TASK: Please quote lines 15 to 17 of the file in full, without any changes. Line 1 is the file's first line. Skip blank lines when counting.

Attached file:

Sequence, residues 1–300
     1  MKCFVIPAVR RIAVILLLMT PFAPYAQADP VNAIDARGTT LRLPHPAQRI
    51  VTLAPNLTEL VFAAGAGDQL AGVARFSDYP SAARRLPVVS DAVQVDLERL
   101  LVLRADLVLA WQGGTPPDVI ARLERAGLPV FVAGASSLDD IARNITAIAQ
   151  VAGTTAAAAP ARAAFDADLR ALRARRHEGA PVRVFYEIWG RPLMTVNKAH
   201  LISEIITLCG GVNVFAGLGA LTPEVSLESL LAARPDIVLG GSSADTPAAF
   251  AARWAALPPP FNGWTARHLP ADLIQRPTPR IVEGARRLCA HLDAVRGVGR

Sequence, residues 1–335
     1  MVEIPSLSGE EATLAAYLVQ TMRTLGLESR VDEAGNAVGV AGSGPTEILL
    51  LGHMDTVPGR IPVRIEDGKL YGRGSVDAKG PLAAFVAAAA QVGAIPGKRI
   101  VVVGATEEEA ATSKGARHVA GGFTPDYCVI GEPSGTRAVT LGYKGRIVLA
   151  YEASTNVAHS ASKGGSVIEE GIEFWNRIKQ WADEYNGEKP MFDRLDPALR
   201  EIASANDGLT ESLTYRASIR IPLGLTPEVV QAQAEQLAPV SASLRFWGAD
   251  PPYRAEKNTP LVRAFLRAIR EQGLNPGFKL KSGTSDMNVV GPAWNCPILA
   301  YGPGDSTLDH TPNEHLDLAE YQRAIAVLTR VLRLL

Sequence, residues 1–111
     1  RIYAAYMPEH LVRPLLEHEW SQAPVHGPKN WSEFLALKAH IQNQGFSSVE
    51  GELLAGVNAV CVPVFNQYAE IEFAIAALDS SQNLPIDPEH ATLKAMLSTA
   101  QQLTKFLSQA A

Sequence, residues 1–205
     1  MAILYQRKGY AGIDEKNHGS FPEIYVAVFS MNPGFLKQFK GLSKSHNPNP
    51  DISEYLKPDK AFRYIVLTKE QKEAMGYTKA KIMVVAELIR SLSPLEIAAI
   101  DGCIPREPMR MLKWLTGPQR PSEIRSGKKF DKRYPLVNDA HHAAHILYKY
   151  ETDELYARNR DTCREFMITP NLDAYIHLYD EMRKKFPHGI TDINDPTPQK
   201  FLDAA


   301  YGPGDSTLDH TPNEHLDLAE YQRAIAVLTR VLRLL

Sequence, residues 1–111
     1  RIYAAYMPEH LVRPLLEHEW SQAPVHGPKN WSEFLALKAH IQNQGFSSVE